Tuesday, February 17, 2015

Eric Holder Legacy: Pinoleville Pomos Evicting Residents To Build POT FARM

Who said Marijuana isn't harmful?

The Pinoleville Pomo Nation in California is trying to remove people from several residences on the reservation, apparently to make way for a medical marijuana farm.

Melody Marshall has lived on the reservation for 20 years and was offered $3,000 to move. A tribal attorney apparently told her the land is needed to build structures for the $10 million marijuana farm.

“They want that land so bad they can taste it,” Marshall told The Ukiah Daily Journal.

Marshall said the tribe is also looking at eight to nine other residences. But the Journal wasn't able to secure a comment or confirmation from the attorney.

Marshall is a member of the Hopland Band of Pomo Indians. She is not a member of the Pinoleville Pomo Nation and doesn't own the land where the house is located -- she leases it from the tribe and was told eviction proceedings would begin if she didn't accept the $3,000 offer.

Marijuana remains illegal under federal law. But the Department of Justice issued a policy late last year that could allow for legal marijuana in Indian Country.

The Pinoleville Pomo Nation is working with Foxbarry Companies, a firm with experience in Indian Country, and another partner on the medical marijuana project.


Anonymous said...

That's greed no caring political payoffs

Anonymous said...

drugs,embezzlement,skimming money and getting rid of people to make your cut bigger. the new gaming Mafia only this time the government isn't trying to enforce the law its helping them run it.

Anonymous said...

isn't reservations on federal land and doesn't federal law proceed state law.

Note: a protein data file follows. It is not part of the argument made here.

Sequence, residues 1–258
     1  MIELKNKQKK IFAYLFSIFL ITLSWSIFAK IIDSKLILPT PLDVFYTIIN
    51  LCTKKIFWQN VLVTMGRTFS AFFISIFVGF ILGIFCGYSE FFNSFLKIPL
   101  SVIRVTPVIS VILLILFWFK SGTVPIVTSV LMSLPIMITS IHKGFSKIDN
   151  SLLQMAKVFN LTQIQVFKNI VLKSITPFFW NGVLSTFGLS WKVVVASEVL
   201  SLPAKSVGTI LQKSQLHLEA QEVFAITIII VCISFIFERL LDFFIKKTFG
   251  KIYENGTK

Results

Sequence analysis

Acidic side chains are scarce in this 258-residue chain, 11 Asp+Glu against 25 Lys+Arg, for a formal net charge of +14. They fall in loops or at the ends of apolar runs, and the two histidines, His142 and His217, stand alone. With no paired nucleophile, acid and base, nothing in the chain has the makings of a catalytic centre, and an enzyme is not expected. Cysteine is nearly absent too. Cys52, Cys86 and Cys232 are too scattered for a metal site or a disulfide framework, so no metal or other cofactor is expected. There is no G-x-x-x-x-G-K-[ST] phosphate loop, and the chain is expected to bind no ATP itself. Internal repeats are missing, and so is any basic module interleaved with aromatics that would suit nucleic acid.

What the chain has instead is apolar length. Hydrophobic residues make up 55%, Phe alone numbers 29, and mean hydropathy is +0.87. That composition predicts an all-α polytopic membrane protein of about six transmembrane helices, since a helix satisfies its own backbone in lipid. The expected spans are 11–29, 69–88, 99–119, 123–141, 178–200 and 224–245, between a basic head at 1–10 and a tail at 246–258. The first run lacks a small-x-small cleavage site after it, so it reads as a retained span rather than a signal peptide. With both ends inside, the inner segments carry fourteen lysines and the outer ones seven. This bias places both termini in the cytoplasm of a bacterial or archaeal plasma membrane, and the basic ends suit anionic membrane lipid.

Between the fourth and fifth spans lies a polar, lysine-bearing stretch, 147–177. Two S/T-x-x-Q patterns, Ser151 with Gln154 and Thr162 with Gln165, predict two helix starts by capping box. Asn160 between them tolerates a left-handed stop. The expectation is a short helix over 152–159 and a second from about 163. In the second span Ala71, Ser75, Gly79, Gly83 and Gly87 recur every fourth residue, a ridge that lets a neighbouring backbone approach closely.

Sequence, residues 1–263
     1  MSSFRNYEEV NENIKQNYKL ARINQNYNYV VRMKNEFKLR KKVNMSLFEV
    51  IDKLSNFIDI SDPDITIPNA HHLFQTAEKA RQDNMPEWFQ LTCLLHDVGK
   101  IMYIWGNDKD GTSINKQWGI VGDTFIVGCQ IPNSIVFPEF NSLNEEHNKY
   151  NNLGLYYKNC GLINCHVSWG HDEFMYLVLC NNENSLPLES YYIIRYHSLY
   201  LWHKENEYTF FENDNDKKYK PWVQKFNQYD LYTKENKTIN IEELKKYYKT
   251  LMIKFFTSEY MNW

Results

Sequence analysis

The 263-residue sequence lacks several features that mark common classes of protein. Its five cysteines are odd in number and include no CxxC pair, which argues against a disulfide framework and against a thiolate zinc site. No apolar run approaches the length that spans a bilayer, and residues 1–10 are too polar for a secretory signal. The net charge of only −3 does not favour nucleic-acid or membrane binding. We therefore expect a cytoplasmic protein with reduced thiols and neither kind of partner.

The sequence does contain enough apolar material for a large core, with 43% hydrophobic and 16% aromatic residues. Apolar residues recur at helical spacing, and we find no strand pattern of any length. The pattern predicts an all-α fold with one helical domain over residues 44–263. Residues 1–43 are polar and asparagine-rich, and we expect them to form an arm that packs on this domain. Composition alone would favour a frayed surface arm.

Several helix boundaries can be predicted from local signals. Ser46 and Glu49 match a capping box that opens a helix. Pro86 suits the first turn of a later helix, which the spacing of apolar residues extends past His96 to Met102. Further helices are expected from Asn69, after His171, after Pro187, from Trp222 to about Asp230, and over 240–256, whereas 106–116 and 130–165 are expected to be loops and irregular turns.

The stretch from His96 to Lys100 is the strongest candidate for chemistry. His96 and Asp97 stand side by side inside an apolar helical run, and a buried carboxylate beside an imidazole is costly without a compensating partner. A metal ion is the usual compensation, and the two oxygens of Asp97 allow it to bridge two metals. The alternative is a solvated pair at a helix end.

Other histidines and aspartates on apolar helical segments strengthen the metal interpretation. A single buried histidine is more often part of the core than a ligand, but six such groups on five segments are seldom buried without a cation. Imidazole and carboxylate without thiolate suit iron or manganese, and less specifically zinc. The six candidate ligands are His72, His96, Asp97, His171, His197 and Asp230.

Reinstatement_Restitution said...

To Melody Marshall:

Does the Pinoleville Pomo Nation have its own security? I don't think they can enforce an eviction without one. And if they are using the local sheriffs to enforce tribal law then they are open to a legal challenge.

Local law enforcement does not have any jurisdiction to enforce tribal law, and in fact they would be transgressing on tribal sovereignty of they tried to evict someone on a reservation. Since you are not a tribal member, you are not subject to the laws of the Pinole Pomo tribe. You are in a unique position where you might be able to legally resist any eviction order based on your rights as a member of a different tribe. As a non-member on the reservation you are not subject to any of their laws. You could even take the $3000 and squat if you like.

What are they going to do? If the sheriff's department tries to enforce an eviction order you could have a signed declaration prepared by your lawyer stating that you do not recognize their jurisdiction on the reservation and that they must serve you with notice that they have jurisdiction. If the tribe tries to evict you could have a signed declaration prepared by your lawyer that says you do not recognize their jurisdiction over you since you are not a tribal member and that they must serve you notice proving they have jurisdiction.

These are the kinds of legal tests we need to rein in the tribal leaders. The tribe does have control of the land, but if you have a lease you do have some rights.

Then you could tie them up in court for awhile if you have the resources. The judge will have a fine time figuring this one out and all the while you could tell them no one has jurisdiction over you. Live there for free while they fight it out. Their greed makes them a target and you should benefit.

Natasha Johnson said...
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